Meantime, the hospital transformed into a second home for Mack and his family. He was there every two weeks until completing his final round of chemo on May 29. With each treatment, Mack was inching closer to the ultimate goal – remission.
From Treatment to Remission: Celebrating Triumphs
At each follow-up appointment, the news became more promising. Scans showed the cancer was shrinking with the tumor losing its grip on Mack's body. Then, on July 26, a fellow Phoenix Children’s oncologist was able to share the news that every warrior dreams of – he was declared cancer-free, just two days shy of starting his first day of kindergarten.
“At that point my husband and three other kids who were waiting in the car were able to come up and be there while he rang the bell,” exclaimed Dani. “It was incredible!”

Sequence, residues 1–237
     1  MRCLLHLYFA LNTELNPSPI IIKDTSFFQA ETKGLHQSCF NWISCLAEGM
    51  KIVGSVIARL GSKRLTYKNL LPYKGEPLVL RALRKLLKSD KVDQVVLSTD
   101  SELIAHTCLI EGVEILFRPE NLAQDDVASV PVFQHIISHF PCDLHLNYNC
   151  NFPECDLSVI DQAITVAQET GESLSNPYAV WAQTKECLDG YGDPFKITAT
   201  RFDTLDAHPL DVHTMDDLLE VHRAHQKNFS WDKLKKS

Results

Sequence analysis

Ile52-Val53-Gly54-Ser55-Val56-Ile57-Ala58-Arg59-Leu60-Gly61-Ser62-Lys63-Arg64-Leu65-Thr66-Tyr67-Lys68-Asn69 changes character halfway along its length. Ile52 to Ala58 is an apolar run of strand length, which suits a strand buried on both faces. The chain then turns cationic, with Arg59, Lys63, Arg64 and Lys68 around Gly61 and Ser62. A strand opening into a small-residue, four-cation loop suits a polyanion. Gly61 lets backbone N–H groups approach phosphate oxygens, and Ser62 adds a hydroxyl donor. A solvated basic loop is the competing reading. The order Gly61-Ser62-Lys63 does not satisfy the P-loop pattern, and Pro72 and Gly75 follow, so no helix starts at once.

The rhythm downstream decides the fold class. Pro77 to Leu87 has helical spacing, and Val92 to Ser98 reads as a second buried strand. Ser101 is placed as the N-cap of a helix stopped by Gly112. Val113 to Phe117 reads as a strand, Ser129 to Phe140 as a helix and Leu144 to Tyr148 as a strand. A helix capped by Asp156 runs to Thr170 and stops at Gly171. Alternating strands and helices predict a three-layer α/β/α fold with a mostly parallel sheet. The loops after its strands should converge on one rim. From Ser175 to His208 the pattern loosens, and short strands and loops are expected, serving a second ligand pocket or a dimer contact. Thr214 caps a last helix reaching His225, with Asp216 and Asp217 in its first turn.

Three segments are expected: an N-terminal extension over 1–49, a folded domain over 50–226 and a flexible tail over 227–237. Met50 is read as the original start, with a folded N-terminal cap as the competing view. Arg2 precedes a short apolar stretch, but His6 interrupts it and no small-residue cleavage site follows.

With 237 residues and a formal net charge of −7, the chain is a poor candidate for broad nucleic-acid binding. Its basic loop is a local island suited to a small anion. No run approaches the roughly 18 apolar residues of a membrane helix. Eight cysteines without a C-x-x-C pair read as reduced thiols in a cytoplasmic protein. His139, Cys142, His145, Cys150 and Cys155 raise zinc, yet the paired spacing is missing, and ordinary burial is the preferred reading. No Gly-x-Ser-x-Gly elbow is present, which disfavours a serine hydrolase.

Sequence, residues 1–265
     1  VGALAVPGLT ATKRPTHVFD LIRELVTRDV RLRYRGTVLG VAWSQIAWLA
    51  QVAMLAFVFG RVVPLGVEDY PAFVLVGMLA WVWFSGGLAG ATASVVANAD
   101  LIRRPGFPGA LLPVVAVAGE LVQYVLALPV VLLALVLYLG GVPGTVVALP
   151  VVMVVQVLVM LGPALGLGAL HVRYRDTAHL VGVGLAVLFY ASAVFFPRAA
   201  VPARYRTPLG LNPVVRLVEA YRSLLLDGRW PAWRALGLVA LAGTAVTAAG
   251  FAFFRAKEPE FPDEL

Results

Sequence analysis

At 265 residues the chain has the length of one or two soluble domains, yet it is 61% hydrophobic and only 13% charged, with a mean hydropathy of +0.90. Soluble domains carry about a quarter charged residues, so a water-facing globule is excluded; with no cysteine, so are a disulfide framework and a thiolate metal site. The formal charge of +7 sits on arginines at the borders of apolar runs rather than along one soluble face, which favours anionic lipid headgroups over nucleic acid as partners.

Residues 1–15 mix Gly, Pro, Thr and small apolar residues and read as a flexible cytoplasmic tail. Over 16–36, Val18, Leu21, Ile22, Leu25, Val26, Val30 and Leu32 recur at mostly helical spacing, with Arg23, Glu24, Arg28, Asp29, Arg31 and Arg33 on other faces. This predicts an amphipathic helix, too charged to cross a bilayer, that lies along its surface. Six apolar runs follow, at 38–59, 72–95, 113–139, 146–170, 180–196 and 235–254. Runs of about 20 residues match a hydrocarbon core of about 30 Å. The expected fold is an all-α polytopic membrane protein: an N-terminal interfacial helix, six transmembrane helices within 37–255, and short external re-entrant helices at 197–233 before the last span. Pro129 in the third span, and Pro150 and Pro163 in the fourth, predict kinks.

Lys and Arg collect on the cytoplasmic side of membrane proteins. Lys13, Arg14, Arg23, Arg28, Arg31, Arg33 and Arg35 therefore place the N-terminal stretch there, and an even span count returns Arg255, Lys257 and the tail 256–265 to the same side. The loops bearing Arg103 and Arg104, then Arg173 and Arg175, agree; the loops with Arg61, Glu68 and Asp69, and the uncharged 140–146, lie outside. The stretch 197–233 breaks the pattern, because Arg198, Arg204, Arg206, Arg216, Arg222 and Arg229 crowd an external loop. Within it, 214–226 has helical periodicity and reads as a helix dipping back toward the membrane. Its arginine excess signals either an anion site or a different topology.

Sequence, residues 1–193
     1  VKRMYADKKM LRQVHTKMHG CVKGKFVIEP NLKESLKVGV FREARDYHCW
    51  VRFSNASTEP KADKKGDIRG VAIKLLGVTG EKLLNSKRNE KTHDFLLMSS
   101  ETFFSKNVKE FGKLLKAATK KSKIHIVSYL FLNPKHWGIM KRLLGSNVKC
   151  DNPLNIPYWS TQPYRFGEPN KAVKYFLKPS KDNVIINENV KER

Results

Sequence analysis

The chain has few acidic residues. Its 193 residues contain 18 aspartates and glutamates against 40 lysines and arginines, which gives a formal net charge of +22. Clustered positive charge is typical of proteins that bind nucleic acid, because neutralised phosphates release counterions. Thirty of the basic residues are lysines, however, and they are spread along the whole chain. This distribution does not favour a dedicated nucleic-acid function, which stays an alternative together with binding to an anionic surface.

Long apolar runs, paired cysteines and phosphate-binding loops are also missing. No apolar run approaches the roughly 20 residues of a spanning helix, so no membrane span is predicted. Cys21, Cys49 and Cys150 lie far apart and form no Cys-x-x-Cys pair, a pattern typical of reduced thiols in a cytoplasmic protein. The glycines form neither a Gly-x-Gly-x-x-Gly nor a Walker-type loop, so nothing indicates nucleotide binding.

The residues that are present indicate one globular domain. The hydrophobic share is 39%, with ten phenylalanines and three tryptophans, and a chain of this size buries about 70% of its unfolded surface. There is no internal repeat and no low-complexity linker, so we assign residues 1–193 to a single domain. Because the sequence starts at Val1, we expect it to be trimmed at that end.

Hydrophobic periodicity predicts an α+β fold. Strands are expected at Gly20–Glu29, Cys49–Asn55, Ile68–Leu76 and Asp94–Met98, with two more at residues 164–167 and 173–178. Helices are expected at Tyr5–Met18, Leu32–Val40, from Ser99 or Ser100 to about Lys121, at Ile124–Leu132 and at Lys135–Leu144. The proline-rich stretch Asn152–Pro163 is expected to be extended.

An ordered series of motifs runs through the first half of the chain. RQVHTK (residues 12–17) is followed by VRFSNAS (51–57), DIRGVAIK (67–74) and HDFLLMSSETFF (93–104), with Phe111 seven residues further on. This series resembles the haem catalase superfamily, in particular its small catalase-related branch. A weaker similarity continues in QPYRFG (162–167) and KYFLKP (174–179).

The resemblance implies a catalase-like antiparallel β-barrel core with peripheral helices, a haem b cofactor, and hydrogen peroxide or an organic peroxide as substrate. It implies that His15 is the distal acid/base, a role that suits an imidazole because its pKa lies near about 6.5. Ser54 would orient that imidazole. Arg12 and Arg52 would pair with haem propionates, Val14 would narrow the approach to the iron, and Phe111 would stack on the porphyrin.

A couple weeks later, they had a follow-up appointment with Dr. Henry, who asked to ring the bell with Mack since he missed it. “It was special to see Dr. Henry want to be a part of that with Mack. He’s not only a phenomenal doctor and saved my son’s life, he’s also a buddy.”
Mack couldn’t agree more. “Dr. Henry is my biggest helper. I love Dr. Henry so much! I want to thank him,” said Mack.
After ringing the bell, Mack continued to visit Dr. Henry every three months to monitor for relapse.
Mack's journey became a platform for extending a helping hand to those who were treading a similar path. He began lemonade stand fundraisers, organized blood drives and Lego drives, and held fundraising events, raising more than $14,500 to send to other kids with cancer on their dream trips.
With cancer behind him, Mack is embarking on new life adventures, from playing soccer and football to jumping on the trampoline with his big brother. “Every moment is a gift,” said Dani.
To learn more, visit the Phoenix Children’s Center for Cancer and Blood Disorders.